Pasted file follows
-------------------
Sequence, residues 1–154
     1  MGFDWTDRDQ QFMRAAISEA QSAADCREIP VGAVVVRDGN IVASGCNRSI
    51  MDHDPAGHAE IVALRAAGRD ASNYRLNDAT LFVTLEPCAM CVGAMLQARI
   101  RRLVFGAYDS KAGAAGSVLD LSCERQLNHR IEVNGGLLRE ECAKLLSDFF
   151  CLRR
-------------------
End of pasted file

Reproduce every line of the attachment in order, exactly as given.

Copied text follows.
Sequence, residues 1–154
     1  MGFDWTDRDQ QFMRAAISEA QSAADCREIP VGAVVVRDGN IVASGCNRSI
    51  MDHDPAGHAE IVALRAAGRD ASNYRLNDAT LFVTLEPCAM CVGAMLQARI
   101  RRLVFGAYDS KAGAAGSVLD LSCERQLNHR IEVNGGLLRE ECAKLLSDFF
   151  CLRR